Year of call 1982

Kathleen Hayter

Practice Areas


Kathleen practises in all aspects of family law, including ancillary relief, public and private law Child Act proceedings, inheritance, adoption, special guardianship orders and international child abduction.

Within Children Act proceedings, Kathleen undertakes both public and private law work. She regularly represents Local Authorities, parents and guardians mainly in the County and High Court.

Kathleen’s ancillary relief work ranges from very modest to multi million pound cases. These often include significant business assets and pensions, involving financial expert evidence and preservation of assets by way of injunction.

In addition, Kathleen has completed the Alternative Dispute Resolution Family Foundation Mediation Training and is a member of the Family Mediators’ Association.

Derby City Council v BA & Ors [2021] EWHC 2931 (Fam)

Kathy, led by Brendan Roche QC, appeared before Mr Justice MacDonald in the High Court. Compliance with DOL Practice Guidance – whilst each case turns on its own facts, the High Court will not ordinarily, in exercise of its inherent jurisdiction, authorise the deprivation of liberty of a child where providers fail to apply or cannot meet the requirements for registration with Ofsted.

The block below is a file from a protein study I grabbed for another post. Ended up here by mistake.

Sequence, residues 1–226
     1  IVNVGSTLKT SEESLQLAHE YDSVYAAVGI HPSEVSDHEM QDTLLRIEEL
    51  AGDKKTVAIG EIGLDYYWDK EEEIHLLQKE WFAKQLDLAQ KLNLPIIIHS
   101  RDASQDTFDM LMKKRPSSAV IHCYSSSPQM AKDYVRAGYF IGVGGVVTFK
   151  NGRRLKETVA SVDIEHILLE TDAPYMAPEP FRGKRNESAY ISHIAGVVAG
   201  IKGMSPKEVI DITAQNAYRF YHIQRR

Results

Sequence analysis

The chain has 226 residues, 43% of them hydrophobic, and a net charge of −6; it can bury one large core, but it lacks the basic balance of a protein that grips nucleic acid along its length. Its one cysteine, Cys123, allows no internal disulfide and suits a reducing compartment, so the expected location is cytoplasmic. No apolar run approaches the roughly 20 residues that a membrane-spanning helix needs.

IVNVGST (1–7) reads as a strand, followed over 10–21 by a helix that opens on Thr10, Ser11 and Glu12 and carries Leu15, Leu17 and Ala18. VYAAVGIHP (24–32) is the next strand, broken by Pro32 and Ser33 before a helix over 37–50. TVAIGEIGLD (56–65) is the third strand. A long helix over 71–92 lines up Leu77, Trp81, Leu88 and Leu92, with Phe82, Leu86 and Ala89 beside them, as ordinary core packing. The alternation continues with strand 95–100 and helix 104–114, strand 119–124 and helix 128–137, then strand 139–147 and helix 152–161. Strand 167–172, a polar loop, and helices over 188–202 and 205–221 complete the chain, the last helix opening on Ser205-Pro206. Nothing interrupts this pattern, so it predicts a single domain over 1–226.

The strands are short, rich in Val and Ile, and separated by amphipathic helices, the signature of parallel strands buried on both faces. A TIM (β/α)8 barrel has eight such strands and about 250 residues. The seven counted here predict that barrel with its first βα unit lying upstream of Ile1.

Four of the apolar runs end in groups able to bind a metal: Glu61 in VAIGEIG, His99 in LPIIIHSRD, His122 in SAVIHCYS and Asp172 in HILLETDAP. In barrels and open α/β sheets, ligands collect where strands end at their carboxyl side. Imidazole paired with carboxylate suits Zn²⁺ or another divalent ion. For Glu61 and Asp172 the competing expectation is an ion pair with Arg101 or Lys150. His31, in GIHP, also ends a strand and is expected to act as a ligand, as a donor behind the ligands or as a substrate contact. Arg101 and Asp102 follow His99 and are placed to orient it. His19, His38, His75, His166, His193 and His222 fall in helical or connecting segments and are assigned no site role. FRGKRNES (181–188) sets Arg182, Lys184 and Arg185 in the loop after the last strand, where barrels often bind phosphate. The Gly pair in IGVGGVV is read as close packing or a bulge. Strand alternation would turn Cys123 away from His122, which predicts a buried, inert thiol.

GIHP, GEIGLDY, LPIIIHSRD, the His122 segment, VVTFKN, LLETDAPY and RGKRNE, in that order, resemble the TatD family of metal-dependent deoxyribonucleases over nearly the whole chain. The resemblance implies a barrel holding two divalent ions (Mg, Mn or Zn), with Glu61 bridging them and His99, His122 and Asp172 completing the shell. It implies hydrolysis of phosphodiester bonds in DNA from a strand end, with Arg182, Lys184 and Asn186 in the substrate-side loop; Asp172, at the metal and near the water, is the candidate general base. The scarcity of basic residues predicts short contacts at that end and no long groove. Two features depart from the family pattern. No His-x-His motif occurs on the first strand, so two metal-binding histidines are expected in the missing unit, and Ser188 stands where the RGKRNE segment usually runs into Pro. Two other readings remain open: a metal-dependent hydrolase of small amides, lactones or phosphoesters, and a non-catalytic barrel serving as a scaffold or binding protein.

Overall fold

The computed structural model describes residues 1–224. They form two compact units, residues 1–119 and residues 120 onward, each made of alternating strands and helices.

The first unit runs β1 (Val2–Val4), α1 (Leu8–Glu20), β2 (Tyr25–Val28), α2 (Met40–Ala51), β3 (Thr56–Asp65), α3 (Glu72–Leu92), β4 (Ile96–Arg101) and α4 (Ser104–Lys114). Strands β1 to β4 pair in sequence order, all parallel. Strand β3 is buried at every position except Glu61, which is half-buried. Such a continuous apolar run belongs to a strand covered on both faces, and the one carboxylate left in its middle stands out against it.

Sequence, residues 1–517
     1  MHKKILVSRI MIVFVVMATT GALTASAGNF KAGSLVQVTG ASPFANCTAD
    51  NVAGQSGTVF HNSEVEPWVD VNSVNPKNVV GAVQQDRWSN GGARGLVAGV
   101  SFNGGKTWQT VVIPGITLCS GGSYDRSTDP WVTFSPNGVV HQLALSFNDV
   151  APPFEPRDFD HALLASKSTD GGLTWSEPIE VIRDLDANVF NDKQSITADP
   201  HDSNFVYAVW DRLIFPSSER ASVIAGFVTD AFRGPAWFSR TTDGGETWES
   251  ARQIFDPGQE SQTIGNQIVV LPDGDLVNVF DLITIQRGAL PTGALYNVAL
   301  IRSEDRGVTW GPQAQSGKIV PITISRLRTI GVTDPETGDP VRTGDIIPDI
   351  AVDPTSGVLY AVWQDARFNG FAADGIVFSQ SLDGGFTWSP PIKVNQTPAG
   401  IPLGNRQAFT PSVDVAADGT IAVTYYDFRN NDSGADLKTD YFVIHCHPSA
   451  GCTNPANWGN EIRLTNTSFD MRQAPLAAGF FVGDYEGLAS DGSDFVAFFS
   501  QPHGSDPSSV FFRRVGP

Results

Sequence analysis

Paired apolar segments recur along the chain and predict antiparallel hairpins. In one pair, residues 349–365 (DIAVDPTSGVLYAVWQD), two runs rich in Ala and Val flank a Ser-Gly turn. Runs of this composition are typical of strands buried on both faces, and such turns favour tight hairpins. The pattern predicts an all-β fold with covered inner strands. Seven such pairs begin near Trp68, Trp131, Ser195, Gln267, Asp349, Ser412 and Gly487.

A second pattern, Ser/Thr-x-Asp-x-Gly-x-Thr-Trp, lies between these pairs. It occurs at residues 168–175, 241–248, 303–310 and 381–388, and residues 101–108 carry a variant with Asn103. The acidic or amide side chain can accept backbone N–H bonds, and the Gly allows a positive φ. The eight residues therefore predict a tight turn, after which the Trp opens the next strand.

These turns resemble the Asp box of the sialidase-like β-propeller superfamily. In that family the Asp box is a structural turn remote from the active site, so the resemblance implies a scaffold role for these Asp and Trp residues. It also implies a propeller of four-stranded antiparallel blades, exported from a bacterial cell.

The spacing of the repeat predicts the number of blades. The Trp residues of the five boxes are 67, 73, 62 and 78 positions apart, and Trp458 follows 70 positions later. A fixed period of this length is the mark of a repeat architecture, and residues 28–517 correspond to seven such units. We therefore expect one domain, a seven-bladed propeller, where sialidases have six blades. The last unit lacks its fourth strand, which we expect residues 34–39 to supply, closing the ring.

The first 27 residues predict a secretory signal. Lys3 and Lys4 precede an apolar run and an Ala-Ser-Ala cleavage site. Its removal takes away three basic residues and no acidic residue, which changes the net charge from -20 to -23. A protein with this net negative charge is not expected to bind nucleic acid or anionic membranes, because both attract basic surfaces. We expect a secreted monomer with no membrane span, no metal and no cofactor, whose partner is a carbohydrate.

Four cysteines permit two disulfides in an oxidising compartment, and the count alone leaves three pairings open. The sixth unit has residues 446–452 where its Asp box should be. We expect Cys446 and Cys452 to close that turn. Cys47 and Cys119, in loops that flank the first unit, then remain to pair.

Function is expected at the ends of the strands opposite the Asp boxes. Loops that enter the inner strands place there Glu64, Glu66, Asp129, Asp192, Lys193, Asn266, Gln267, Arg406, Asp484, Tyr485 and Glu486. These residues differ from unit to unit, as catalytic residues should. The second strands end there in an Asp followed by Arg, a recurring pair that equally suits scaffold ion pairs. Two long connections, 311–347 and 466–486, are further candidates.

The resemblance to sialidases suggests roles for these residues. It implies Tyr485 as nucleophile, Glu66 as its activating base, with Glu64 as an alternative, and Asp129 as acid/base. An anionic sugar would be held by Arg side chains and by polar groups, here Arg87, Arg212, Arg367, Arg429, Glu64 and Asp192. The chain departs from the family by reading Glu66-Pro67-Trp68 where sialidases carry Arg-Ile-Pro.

MBC v AM & Ors (DOL Orders for Children Under 16) [2021] EWHC 2472 (Fam)

Kathy, led by Brendan Roche QC, appeared before Mr Justice MacDonald in landmark case on the High Court’s exercise of its inherent jurisdiction to make Deprivation of Liberty Orders where Local Authorities have placed children under 16 in unregistered placements.

A Mother v Derby City Council & Anor [2021] EWCA Civ 1867

Kathy, lead by Brendan Roche QC representing the child. Dismissing Mother’s appeal, the President finds that:
“On the central point of law upon which this appeal turns….where a local authority places a child under CA 1989, Part III in an unregistered children’s home, that placement is outside the statutory scheme established by CA 1989, s 22C and the regulations. The Supreme Court determined in Re T that the High Court nevertheless has jurisdiction, in an appropriate case, to authorise that restrictions may be placed on the liberty of a young person placed in such a placement where imperative conditions of necessity justify doing so.”

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